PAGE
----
Unless you are a connoisseur of the graphic arts, the name Leon Kelly probably doesn’t mean much to you, so a short biographic note seems in order. Kelly was a twentieth century painter from the USA whose works are on display in such museums as the Metropolitan, the Whitney, and the MoMa – but he has nevertheless produced some pretty good stuff. According to wikipedia, he was active in cubism at some point, as well as in abstract art and realism. Today, however, we are featuring a work from his surrealistic period called The plateau of chess. But that becomes immediately clear once you see it:
You cannot get much surrealistic than this! It is well known that a plateau is on a higher elevation than the surrounding land, yet the flat land in this painting is surrounded by tall, jagged cliffs. It seems more like a valley cut out in the land by a river long before anyone could ever wonder how this could be a plateau and how it could have formed at all, thereby making sure said river couldn’t get too self-conscious about its workings.
But of course this is not were the surreality ends. What’s with the rock/tree hybrids in the foreground? Is that a perfectly straight river right next to the board or is it a second sky? Who on Earth plays on a black and red chessboard? Or with pieces that are neither Stauntons nor a common pre-Staunton format?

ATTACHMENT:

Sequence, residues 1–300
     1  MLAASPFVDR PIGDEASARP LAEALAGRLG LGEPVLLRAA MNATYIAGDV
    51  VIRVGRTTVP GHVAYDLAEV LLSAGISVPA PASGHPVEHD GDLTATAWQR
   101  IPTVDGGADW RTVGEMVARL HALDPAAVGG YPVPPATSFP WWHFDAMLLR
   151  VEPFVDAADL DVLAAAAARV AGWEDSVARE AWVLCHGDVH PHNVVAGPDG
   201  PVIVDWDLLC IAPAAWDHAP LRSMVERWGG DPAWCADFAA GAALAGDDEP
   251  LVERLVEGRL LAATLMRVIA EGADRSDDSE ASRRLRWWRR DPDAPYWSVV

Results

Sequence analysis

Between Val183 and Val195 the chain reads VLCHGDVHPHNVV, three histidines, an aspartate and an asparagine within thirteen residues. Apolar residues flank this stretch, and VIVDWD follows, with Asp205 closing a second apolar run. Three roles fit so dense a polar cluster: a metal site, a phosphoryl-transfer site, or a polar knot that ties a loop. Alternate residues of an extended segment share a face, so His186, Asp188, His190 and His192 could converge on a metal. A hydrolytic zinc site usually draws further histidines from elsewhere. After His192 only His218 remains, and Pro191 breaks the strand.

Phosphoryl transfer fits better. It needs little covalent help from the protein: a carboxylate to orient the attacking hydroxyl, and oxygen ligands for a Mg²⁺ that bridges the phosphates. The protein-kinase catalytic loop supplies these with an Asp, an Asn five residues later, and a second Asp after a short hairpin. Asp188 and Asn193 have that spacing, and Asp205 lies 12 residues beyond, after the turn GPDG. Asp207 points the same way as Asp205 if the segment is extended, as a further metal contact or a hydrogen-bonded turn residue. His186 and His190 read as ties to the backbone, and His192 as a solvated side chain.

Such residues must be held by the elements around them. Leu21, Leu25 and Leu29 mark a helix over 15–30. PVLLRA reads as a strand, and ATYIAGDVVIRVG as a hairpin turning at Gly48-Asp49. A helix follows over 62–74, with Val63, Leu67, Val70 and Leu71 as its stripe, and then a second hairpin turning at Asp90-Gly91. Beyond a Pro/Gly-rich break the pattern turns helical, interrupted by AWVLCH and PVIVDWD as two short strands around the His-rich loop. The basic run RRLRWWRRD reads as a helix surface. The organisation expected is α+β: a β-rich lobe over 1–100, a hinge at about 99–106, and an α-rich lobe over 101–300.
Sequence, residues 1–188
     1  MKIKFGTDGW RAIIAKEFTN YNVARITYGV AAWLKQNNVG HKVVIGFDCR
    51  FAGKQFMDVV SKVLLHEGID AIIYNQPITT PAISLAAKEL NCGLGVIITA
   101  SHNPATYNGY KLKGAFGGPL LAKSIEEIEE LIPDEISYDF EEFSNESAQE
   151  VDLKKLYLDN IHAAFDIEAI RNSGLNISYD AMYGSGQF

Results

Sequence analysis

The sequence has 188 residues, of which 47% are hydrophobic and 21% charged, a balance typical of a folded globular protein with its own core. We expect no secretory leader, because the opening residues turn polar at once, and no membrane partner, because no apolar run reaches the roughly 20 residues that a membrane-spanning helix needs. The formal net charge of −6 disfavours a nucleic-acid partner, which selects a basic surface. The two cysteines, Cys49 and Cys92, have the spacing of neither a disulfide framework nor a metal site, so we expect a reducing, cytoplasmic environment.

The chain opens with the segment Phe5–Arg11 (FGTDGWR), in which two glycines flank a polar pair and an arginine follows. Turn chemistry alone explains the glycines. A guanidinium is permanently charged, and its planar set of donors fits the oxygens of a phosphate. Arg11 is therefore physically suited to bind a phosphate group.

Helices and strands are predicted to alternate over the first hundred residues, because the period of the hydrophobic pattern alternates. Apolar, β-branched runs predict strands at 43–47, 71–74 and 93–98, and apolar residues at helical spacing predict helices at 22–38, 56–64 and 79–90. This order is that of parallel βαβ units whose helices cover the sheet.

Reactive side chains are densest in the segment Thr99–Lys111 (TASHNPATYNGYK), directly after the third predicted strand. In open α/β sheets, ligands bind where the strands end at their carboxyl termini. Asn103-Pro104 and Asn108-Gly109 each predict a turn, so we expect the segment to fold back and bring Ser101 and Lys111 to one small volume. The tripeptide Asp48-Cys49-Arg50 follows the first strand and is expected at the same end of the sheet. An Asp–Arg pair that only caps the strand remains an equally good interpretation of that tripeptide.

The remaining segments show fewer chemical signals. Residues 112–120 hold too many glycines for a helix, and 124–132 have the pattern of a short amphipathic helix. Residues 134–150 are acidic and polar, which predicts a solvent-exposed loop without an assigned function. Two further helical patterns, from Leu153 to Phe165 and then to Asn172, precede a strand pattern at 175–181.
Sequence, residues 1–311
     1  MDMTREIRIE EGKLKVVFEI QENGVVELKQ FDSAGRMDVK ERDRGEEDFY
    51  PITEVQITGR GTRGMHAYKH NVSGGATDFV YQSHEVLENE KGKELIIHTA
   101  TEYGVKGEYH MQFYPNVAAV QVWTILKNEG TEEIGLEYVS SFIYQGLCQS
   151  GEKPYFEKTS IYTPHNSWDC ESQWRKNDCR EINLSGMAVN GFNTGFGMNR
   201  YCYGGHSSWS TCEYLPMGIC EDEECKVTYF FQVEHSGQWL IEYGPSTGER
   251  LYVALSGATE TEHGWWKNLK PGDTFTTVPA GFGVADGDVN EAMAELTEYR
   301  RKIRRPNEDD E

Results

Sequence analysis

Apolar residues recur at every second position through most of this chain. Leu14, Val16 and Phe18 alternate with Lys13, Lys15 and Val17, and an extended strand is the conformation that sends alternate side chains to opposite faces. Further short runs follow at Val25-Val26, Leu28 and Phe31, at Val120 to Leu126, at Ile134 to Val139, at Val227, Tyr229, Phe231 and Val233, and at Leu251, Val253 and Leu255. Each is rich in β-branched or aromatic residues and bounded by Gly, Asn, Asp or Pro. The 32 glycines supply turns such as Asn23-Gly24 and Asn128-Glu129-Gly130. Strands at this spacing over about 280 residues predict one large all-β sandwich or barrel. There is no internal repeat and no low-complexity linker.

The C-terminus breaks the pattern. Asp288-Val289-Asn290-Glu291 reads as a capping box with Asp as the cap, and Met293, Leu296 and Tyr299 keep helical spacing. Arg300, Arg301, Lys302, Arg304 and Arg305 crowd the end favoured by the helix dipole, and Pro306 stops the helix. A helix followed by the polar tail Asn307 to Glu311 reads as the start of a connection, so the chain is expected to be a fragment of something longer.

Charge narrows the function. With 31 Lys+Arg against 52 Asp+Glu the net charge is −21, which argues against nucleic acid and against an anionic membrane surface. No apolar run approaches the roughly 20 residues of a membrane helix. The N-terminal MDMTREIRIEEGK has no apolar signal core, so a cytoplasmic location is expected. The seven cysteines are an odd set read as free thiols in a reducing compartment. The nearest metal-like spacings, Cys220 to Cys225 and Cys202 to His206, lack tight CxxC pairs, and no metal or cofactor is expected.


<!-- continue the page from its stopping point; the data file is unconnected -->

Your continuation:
And who plays on a 9×6 board? Or a 6×9 board, I’m not entirely sure which it is.1
I believe this is the position on the board, but I’m not sure at all. The pieces on i1 and h5 might very well not be rooks at all; I mainly based my identification on their height. In fact, I’m not even sure they’re the same piece. I’m also not sure the piece on h1 is a white one. It looks like it, but it’s not very convincing.
And that sums the whole painting up, really: not very convincing.2
Realism: -/5 The position is blatantly illegal and the board is not an actual chess board. What other score could I possibly give? Surrealism is 5/5, though.
Probable winner: This I cannot tell, for I would have to know who was playing. And there would have to be kings.